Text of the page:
In my opinion, the main problem with these discussions about “signal strength” is that many people are trying to judge power by looking at their waterfall or spectrum display and seeing what signal looks “higher”. This kind of measurement is not any good, because it doesn’t take signal bandwidth into account, depends on the FFT size, the window function, etc. It doesn’t help that many popular SDR software don’t have a good signal meter displaying the average power of the signal tuned in the passband.

In any case, I was curious about whether the power of the two beacons is the same and whether there is any interesting change over time. I have made a GNU Radio flowgraph that measures the power of each of the two beacons and of the transponder noise, and saves them to a file for later analysis.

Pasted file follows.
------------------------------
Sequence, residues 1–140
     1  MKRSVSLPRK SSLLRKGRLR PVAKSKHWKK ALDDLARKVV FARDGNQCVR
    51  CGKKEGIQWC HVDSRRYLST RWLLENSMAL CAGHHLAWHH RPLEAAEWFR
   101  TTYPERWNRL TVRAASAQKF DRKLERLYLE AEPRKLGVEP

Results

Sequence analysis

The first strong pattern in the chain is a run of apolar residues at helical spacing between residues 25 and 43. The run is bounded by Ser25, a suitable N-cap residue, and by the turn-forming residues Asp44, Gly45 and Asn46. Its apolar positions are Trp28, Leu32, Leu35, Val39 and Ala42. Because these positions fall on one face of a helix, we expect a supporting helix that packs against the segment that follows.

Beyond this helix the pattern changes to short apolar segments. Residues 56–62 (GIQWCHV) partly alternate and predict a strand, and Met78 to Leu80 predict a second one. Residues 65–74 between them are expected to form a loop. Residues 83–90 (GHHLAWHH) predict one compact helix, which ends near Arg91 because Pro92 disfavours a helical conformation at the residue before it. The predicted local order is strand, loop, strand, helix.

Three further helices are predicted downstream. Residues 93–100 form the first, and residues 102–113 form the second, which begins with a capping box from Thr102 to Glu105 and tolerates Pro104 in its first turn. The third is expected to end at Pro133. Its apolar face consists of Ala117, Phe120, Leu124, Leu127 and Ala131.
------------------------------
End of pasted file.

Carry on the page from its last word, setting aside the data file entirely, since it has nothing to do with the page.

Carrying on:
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Antarctic expedition

As you may know, between January 14 and February 18 I have been away from home on a research expedition to Antarctica. Several people have asked me for a post detailing my experiences, and I was also thinking to write at least something about the trip. I could spend pages talking about the amazing landscapes and fauna, or daily life in Antarctica. However, in keeping with the spirit of this blog, I will concentrate on the radio related aspects of the trip (and there are indeed enough to tell a story). If I see that there is much interest in other topics, I might be persuaded to run a Q&A post or something similar.